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7:08 AM | Beyond Quantification: Digital Criticism and the Search for Patterns
I’ve collected some recent posts (from New Savanna) on patterns into a working paper. It’s online at SSRN. Here’s the abstract and the introduction. Abstract: Literary critics seek patterns, whether patterns in individual texts or patterns in large collections of texts. Valid patterns are taken as indices of causal mechanisms of one sort or another. […]
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2:54 AM | “Concrete Facts” and “Irrefutable Evidence” Aren’t Needed to Add Someone to the Terrorist Watch List
Recently, I reported on the rapidly growing terrorist watch list in the United States. In the past 5 years, the government has been adding names to the list at an increasingly fast pace, peaking last year with 468,749 names being added. Well, it seems part of that ridiculously high number may be explained by a new set […]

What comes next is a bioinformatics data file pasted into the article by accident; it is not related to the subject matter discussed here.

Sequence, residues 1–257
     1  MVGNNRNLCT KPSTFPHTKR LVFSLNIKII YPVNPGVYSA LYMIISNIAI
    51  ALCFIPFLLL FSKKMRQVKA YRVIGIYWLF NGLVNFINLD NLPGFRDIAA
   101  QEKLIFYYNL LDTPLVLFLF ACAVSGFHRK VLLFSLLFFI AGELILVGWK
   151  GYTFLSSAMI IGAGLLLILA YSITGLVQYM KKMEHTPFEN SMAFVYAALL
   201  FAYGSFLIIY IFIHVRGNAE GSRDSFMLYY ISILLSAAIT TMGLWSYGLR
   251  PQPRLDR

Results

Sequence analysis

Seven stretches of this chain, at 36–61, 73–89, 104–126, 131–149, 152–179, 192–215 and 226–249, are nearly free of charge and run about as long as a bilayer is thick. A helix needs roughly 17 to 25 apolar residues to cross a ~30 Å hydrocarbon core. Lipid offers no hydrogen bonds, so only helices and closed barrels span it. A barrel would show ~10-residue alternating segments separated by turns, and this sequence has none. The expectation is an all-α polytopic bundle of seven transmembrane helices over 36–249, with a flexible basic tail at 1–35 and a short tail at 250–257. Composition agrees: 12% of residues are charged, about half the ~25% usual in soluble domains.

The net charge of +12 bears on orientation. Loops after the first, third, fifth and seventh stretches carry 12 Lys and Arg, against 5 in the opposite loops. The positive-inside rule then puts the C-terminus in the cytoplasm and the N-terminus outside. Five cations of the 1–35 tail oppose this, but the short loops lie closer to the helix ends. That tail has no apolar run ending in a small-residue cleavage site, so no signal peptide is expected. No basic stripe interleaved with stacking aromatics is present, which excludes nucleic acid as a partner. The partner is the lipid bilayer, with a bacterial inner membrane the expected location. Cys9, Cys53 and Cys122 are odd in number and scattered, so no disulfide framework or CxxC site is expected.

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12:15 AM | Afghan curse of 39 causing economic problems
There is supposedly a curse associated with the number ’39′ in Afghanistan. People are refusing license plates that has that number and it’s beginning to piss off the government. This exact issue has come up in the past as well. Afghan car buyers urged to defy the ‘curse of 39′ – Yahoo Finance UK. Afghans’… Source: Doubtful News

July 23, 2014

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11:19 PM | Field work travelog – Day 12, the Paleocene-Eocene boundary
Today has been a delightful day. Much learning was had. Our crew now includes expertise in paleobotany and stratigraphy, so we walked all around the rocks that bracket the Paleocene-Eocene boundary. I learned a ton today and now beret understand … Continue reading →
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7:49 PM | 12 Pieces of Street Art That Seamlessly Mesh With the Nature Around Them (Photo Gallery)